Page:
One of the most common reasons people come to meditation is for tranquility, peace of mind. This society is filled with distractions that are seem engaging, attractive and fun. Three of the distractions are electronics, entertainment and media.These entities can also feel comforting, familiar, and exciting. Most of us are aware that they are insubstantial. They often keep us checked out and dissatisfied. What these activities do is to keep our nervous system in a state of hyperarousal. This hyperarousal so epidemic in western countries, it affects lot of people’s sleep and contributes to anxiety.This state of hyperarousal makes it difficult, if not impossible to accomplish the mental training necessary to remove defilements.

For the last few years I did not attend to the news.My intention was a commitment to cultivate tranquility Those years I can recollect a warm sense of peace. Since this recent presidential election, I got hooked on the drama. I noticed more anger, more sense of separation from others. Recently I recommitted to no news. I feel cleaner, lighter, more concentrated. Despite not attending to the news, I still discvoered the flooding in Houston. Compassion for my brothers and sisters in Houston feels a lot better and less deluded than anger and resentment because of political beliefs.

There are many more reasons to meditate. Meditation training is about mental purification. Making a commitment to a code of ethics and morals stabilize the mind allowing for an intimate awareness and a gentle peacefulness. From there we can further purify the mind through become dispassionate about mental contents, which naturally allow for our essence, love, compassion and good will to express itself.

Lovingkindness Meditation Residential Retreat: Friday December 8, 2017 – Sunday December 10, 2017

                                         Loving Oneself and Others                                                    

Lovingkindness Meditation Residential Retreat

730 PM Friday December 8, 2017- Noon Sunday December 10,2017

Saint Leo Abbey, 33601 State Road 52, Saint Leo, Florida 33574

Hosted by Heartland Insight Meditation Group

Saint Leo Abbey will provide a peaceful setting for a weekend of meditation.  Participants will enjoy:

  • Teachings that reverse anger and hatred and bring about compassion for self and others, sympathetic joy and equanimity, with time for questions and answers.
  • Sitting and walking meditation for beginning and experienced meditators.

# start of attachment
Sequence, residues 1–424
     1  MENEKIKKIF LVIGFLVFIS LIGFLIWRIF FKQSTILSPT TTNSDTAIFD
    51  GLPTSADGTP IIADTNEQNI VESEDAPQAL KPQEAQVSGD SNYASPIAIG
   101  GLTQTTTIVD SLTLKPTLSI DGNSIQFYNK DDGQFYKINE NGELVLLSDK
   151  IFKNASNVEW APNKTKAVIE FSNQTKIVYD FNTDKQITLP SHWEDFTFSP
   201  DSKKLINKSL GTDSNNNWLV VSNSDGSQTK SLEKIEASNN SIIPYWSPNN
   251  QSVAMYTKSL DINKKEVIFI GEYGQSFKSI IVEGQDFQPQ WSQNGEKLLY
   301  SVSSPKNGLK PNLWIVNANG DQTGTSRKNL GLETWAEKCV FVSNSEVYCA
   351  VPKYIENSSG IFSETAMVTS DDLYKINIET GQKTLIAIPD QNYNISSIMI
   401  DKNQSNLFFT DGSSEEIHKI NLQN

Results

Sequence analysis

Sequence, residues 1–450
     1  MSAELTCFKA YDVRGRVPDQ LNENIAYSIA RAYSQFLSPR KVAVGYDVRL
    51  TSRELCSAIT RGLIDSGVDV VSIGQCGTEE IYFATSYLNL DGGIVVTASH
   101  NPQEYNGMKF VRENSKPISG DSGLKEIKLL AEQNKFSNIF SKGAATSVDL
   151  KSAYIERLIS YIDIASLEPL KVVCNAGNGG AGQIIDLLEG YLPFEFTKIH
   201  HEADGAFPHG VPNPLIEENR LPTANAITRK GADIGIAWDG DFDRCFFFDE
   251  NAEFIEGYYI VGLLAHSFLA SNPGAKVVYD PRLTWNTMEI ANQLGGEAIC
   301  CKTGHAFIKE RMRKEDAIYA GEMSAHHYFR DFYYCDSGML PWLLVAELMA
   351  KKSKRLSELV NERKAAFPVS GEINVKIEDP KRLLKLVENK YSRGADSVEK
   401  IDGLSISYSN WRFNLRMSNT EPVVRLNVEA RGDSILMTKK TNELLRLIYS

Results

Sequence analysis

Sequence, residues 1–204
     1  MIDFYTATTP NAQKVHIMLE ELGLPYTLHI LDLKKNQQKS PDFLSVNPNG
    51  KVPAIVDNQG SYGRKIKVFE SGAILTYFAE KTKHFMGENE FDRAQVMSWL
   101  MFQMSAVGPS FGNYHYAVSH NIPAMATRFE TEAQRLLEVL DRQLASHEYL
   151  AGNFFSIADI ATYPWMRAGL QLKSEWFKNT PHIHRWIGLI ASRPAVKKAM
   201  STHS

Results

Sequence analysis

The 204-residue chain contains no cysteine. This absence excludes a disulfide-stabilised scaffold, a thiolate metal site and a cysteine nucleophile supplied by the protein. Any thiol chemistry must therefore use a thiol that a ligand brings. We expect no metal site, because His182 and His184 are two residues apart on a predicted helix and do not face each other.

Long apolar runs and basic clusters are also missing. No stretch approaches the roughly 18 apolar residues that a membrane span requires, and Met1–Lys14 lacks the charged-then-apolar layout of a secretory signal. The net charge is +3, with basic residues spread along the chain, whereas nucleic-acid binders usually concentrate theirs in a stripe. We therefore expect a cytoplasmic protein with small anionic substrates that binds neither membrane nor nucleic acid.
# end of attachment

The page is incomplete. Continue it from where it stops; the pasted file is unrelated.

• Beautiful outside grounds for walking meditation or contemplation
  • 6 hearty meals provided by the staff at St Leo Abbey.
  • Cost is $205, plus donation to the teacher.


Course taught by Peter Carlson

Peter has practiced meditation for more than thirty years and taught Vipassana (Insight) Meditation for more than twenty years. He is the founder of Orlando Insight Meditation Group. His training includes three-month courses at the Insight Meditation Society (IMS) in Barre, MA.      


To register: contact Andy Quinn, 863-683-9600


Refund Policy: Cancel greater than one month prior: Full refund

Cancel greater than one week prior:: 50% refund

Cancel less than one week prior to the retreat: no refund





Developing Inner Peace: Meditation Retreat, Bok Tower Gardens, Saturday, April 15, 2017

We return to Bok Tower Gardens this Spring, to provide a peaceful setting to develop inner peace and grow in love. Participants will enjoy:

  • Introduction and meditation instruction with time for questions and discussion
  • Sitting and walking meditation for beginning and experienced meditators
  • Easy access to outside garden space for periods of walking meditation
  • Covered dish vegetarian lunch coordinated by members of the Heartland Insight Meditation Group
  • Admission to Bok Tower Gardens, usable on our long lunch break, or before or after the retreat


Course Taught by Peter Carlson

Peter has practiced meditation for more than thirty years and taught Vipassana (Insight) Meditation for more than twenty years. His training includes three-month courses at the Insight Meditation Society (IMS) in Barre, MA. Peter is a Licensed Mental Health Counselor in private practice in Winter Park, Florida.

When: Saturday, April 15, 2017 | 9 AM – 5 PM

Where: The new Discovery Classroom, Bok Tower Gardens, 1151 Tower Boulevard, Lake Wales, Florida 33853

Please bring: Experienced participants can bring a small vegetarian dish to share with the group. Please contact Darek Smith, 863-537-0133 or by email, if you would like to bring a small vegetarian dish. Bring cushions if you prefer to meditate sitting on the floor. The floor is made of hard tile so you may consider a small carpet square or rug.

To register or more information: Contact Jeanette Johnson 321-303-7607 or by email. To reserve your spot, send a $30 check or money order made to:  “Jeanette Johnson” 10465 Montpelier Circle, Orlando, Florida 32821. To confirm your payment, use email to correspond with Jeanette.

Looks are Deceiving…..the Many Faces of Love

Loook at all these happy faces....a backpack trip I led on Cumberland Island

Look at all these lovely faces….a backpack trip I led on Cumberland Island

Facing our Truth?

Years ago I remember finishing an incredible backpacking trip in the Slickrock Creek Wilderness in North Carolina. Stopping at the first available convenience store so the group of us could stuff our faces with junk, I felt rather greedy and ashamed of our wealth in this sparse country.  As I was making my way back to our van, I was struck by the unsightliness of a woman entering the store. It was as if 1/2 of her face had been blown off. The sight of her face stayed with me, and for a few moments I was dumbfounded, and needed to gather myself. Part of me that was grateful that I did not have to deal with her directly. Now I know that in practicing mindfulness I would have been better equip to understand my feelings at the end of this trip.